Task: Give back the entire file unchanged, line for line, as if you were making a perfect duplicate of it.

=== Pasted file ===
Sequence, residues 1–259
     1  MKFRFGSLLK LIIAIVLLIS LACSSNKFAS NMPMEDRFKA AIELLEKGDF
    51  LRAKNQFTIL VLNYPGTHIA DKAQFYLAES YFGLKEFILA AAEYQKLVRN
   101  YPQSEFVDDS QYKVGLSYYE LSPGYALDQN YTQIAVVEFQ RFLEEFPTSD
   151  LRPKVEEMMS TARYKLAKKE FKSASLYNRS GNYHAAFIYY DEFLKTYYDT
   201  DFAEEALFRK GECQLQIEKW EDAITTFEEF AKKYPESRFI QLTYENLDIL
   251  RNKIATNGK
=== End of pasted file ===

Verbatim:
Sequence, residues 1–259
     1  MKFRFGSLLK LIIAIVLLIS LACSSNKFAS NMPMEDRFKA AIELLEKGDF
    51  LRAKNQFTIL VLNYPGTHIA DKAQFYLAES YFGLKEFILA AAEYQKLVRN
   101  YPQSEFVDDS QYKVGLSYYE LSPGYALDQN YTQIAVVEFQ RFLEEFPTSD
   151  LRPKVEEMMS TARYKLAKKE FKSASLYNRS GNYHAAFIYY DEFLKTYYDT
   201  DFAEEALFRK GECQLQIEKW EDAITTFEEF AKKYPESRFI QLTYENLDIL
   251  RNKIATNGK